Shin chan: Me and the Professor on Summer Vacation The Endless Seven-Day Journey is not only a mouth full but a story rich adventure game, this was a game that was stuck in Japan for over a year but has finally been released here in the west.
if Kureshin and Bokunatsu make sense and sounds appealing then we can keep this review extremely straightforward and just tell you to buy this game, if not then let’s start with making sense abit. Kureshin is the Japanese shortened name for Crayon Shin Chan, a manga series and anime sitcom about a two kids and a dark Japanese family focused on Shinnosuke or Shin Chan the impish five-year-old that spent his time infuriating his parents causing arguments and making butt dances, Bokunatsu meanwhile is short for Boku no Natsuyasumi or My Summer Vacation if translated, a game series kicked off on the Playstation in the 2000s about a boy whiling away a month of summer days in the Japanese countryside exploring, chasing bugs and fishing and generally letting his imagination find adventure in a place with nothing really too thrilling to do, while Shin Chan The Endless Seven-Day Journey is not a Bokunatsu game, though it’s developed by Millennium Kitchen the creators of the originals so this game and the Bokunatsu series bear a lot of similarities.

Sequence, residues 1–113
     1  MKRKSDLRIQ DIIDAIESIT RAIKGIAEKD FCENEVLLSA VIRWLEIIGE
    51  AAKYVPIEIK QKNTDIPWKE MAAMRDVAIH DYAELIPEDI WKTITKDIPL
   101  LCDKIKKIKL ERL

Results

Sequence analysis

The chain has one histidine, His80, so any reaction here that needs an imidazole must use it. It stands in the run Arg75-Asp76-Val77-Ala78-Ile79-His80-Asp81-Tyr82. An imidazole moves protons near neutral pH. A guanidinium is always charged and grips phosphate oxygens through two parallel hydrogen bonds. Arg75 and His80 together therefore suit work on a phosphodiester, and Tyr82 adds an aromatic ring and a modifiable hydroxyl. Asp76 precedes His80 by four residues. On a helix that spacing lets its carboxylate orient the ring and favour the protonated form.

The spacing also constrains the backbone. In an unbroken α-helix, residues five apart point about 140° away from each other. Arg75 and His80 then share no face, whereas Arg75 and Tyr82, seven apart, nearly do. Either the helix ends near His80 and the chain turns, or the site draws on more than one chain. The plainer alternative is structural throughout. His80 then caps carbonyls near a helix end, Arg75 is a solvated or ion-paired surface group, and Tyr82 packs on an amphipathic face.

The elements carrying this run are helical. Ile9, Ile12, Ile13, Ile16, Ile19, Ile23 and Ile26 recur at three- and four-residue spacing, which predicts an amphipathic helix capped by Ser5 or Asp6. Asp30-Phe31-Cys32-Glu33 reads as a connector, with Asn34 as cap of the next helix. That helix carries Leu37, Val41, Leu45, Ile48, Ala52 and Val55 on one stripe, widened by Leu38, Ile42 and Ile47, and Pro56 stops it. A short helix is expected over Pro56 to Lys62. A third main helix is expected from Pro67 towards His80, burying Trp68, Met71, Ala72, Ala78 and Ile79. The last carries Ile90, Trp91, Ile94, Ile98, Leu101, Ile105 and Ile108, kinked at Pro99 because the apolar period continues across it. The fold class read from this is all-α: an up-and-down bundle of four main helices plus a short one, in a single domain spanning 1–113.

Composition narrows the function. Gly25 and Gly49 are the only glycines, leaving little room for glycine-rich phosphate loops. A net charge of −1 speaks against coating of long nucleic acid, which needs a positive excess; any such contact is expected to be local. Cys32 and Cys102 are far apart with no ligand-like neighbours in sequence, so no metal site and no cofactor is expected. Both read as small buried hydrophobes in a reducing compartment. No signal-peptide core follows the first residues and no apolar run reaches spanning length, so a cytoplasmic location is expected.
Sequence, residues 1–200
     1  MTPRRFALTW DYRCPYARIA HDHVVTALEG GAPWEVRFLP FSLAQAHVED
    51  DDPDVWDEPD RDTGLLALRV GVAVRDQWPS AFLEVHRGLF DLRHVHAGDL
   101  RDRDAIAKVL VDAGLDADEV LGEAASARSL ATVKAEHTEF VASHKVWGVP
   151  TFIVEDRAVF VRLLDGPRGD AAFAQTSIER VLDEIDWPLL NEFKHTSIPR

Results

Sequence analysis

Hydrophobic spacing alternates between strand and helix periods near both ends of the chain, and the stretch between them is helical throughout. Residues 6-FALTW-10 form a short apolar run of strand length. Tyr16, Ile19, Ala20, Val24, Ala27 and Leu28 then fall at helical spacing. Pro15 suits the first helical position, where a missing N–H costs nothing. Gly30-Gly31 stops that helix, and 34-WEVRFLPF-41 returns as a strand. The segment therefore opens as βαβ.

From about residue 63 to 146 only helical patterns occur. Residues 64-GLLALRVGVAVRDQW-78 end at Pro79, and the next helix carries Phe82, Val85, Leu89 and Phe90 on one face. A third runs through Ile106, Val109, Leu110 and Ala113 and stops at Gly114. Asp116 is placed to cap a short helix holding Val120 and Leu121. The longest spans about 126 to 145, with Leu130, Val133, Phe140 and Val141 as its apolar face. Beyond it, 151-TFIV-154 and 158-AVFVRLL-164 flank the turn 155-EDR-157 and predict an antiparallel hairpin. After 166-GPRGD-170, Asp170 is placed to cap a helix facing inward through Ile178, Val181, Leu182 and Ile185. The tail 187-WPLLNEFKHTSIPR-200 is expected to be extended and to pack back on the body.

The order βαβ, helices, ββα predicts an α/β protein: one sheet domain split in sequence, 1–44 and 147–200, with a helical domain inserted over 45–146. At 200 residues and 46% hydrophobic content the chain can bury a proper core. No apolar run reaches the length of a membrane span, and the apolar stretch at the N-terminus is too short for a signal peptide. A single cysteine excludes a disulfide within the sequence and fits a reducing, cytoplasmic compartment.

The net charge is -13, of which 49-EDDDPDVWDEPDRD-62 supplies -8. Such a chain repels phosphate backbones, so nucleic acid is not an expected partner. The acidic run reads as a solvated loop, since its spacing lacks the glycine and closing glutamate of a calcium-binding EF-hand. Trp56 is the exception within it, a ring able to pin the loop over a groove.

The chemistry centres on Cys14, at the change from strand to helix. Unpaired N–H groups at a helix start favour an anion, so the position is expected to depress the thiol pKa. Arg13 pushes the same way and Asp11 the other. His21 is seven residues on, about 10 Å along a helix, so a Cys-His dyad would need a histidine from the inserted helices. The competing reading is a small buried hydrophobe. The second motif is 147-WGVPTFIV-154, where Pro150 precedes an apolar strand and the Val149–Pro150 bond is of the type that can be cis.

The game follows five-year-old Shinnosuke aka Shin who’s joined by both his parents, his sister and dog, bumps into a few familiar faces when they go on vacation, on their way to their destination they meet an unusual professor who subsequently gifts them with a camera that has the ability to turn any pictures into drawings, the totally ordinary vacation turns unusual quite quickly with the introduction of some dinosaurs and uh it gets stranger from there. If you’re familiar with the series there’s quite a bit of dancing and the story plays out over several days through which you’ll meet a few new characters that Shin can be inappropriate with but here’s a point of note, if you’re a fan of the Japanese versions of Shin Chan then the game is going to appeal to you quite a lot as you’ll be aware of many of the jokes relate to Japanese Culture and they just won’t be understood by a western audience if you’re a fan of the us adaption which saw a complete script rewrite and has many more crude jokes and quite a bit of swearing in it as well this version of Shin Chan might feel a little alien to you, it’s not to say the game isn’t amusing but the US series is so on the nose the Japanese are much more subtle with their humour.
The story is quite easy to follow but it can feel a little stunted by the game’s over reliance on telling it over the number of days, some of the best interactions are those unrelated to the main story and with some of the side sidecast of characters, when Shin Chan he took his dad to his favorite place and that place turned out to be the local girly fancies as I’m sure you can gather the humor is on the adult side.